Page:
Government departments to see decreased spending over the next year and why:
Immigration and Community Development
Spending is to drop 57 per cent in a department once highlighted as the charm of the provincial government and the work it did bringing immigrants to Manitoba.
However, last year's public row between federal Citizenship and Immigration Minister Jason Kenney and the Selinger government, and Ottawa's taking over of settlement services, dramatically altered the role local immigration services play in bringing people and families to the province. Manitoba's immigration fell 16 per cent to 13,391 in 2012 from the previous year.
Conservation and Waterstewardship
Spending is to decrease 6.2 per cent as the department responsible for the province's wild spaces and parks continues to tighten its belt. Over the past year the department has reduced operating expenses by 10 per cent. It has also reduced the amount of grants it awards for items like wildlife protection. The department is hiking the cost of a fishing licence to $10 from $5 in part to direct proceeds to pay upgrades to its fisheries program. Ron Thiessen, executive director of the Canadian Parks and Wilderness Society Manitoba, said the department should look at public-private partnership initiatives to maintain parks.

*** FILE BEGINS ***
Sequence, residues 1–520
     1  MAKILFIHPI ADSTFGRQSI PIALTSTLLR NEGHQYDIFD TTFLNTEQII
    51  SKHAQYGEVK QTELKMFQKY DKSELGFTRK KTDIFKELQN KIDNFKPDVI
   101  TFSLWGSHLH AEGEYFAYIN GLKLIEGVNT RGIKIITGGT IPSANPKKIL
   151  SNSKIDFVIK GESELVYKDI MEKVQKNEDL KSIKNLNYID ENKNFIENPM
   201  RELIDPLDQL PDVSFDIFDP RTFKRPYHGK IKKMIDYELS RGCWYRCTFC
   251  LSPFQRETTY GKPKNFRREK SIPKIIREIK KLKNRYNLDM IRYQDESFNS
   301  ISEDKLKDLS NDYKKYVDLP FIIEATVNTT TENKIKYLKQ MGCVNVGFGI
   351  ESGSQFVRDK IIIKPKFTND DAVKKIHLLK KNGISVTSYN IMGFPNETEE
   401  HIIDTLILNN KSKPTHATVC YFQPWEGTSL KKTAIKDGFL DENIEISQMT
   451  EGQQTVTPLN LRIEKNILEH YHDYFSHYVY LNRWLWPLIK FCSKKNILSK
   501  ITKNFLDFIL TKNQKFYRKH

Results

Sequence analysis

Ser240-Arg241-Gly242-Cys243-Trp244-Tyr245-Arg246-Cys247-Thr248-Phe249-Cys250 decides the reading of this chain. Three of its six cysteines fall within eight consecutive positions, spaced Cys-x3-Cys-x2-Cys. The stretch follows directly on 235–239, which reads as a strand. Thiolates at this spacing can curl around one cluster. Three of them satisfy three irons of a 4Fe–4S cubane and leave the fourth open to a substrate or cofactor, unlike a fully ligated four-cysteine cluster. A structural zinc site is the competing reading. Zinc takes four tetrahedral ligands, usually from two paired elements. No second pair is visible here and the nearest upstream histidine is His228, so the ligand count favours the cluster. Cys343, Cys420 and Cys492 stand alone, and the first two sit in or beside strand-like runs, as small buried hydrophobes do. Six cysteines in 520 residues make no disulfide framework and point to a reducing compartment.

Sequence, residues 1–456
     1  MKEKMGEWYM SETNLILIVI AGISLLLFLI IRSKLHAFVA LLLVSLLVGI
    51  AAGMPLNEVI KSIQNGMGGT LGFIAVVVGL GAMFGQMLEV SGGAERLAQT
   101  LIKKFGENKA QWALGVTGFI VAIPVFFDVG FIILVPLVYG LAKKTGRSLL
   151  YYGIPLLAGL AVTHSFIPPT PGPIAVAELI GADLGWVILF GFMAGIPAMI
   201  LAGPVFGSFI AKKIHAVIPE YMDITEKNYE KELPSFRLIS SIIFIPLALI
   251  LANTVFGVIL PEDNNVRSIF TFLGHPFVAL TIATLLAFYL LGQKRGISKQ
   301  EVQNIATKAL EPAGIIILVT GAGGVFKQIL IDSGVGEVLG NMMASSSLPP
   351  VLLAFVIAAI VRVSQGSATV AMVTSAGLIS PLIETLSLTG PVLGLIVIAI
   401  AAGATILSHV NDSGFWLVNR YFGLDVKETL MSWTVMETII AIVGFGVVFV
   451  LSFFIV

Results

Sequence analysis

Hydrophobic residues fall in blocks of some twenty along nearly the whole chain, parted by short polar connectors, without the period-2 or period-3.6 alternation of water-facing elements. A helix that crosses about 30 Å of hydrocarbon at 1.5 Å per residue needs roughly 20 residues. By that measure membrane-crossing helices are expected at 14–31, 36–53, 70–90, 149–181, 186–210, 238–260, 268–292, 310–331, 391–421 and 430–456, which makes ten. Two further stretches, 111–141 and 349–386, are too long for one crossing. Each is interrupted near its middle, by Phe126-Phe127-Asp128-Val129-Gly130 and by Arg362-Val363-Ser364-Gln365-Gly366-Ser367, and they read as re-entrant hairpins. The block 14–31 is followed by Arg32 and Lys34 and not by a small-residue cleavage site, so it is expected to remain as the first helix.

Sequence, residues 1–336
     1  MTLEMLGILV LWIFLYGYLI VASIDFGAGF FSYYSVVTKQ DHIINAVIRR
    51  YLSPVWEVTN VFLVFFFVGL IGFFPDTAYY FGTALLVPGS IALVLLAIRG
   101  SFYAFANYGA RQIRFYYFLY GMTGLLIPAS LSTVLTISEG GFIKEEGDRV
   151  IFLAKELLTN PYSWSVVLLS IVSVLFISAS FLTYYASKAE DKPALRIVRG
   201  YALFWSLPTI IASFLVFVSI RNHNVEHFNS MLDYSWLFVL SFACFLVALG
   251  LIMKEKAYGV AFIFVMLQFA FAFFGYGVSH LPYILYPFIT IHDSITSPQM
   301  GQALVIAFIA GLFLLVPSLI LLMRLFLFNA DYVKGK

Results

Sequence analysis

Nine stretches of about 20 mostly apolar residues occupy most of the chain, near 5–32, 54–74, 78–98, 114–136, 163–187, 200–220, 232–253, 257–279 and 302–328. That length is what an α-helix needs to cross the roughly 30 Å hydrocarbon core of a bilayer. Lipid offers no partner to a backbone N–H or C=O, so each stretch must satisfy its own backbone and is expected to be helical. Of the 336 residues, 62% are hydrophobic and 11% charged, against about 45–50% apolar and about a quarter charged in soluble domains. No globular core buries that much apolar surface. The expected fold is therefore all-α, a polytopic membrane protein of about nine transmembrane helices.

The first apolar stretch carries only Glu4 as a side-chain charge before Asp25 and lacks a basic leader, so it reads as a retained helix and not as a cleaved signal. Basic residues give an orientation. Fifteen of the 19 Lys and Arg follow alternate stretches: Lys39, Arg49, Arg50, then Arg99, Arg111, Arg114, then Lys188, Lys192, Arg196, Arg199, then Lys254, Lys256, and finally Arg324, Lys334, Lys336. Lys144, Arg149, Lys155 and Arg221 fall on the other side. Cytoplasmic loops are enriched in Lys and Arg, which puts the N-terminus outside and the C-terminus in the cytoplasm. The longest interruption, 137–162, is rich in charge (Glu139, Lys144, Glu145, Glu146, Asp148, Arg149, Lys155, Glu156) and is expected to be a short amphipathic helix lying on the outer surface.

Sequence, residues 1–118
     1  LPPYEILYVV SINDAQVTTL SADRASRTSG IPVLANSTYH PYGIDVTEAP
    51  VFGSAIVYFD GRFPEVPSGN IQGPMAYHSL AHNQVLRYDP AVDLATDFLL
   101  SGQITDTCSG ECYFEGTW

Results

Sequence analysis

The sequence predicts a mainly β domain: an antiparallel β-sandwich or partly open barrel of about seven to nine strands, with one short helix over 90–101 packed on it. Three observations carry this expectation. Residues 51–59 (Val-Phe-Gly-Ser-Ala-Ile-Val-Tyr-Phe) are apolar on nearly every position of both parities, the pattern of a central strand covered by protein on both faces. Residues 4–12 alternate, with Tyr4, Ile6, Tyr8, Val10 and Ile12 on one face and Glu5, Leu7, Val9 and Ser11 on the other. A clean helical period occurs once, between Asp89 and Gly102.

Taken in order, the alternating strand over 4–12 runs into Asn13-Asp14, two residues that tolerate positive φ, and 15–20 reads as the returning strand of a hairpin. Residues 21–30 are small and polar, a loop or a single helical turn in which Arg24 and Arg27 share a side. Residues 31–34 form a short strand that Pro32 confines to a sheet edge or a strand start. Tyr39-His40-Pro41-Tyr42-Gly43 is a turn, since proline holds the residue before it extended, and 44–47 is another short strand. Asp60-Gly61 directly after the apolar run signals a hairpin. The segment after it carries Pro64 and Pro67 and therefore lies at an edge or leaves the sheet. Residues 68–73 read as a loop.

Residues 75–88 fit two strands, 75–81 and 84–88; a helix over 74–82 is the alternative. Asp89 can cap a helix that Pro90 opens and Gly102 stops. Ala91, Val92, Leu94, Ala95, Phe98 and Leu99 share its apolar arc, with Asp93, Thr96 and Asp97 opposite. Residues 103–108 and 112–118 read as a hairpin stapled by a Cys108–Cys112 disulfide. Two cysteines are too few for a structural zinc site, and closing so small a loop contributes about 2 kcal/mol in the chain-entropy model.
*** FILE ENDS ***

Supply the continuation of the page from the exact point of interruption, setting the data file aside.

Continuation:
Healthy Living, Seniors and Consumer Affairs
Spending is to drop 4.1 per cent in a department responsible for getting Manitobans more active, to wear bicycle helmets and protect consumers from questionable business practices. The cuts are coming as some of its educational or awareness programs are winding up not to be renewed or if they are, certainly not at the same funding level. The department is also changing how it funds outside agencies like the Addictions Foundation of Manitoba. Funding to the AFM will continue, but instead through the Manitoba Lotteries Corporation and Manitoba Liquor Control Commission, which was merged in last year's budget to save money.
Other government departments
Nine other government departments are to see their budgets squeezed in the coming fiscal year, everything from Aboriginal and Northern Affairs to Sport to Infrastructure and Transportation. The province will accomplish this by leaving unfilled positions vacant and continuing to reduce the size of the civil service as announced in the throne speech last November. The province hopes to save money by cutting 600 provincial civil service jobs through attrition and retirement over the next three years. Finance Minister Stan Struthers said cuts to some of these departments means the province will have less grant money to award over the next year.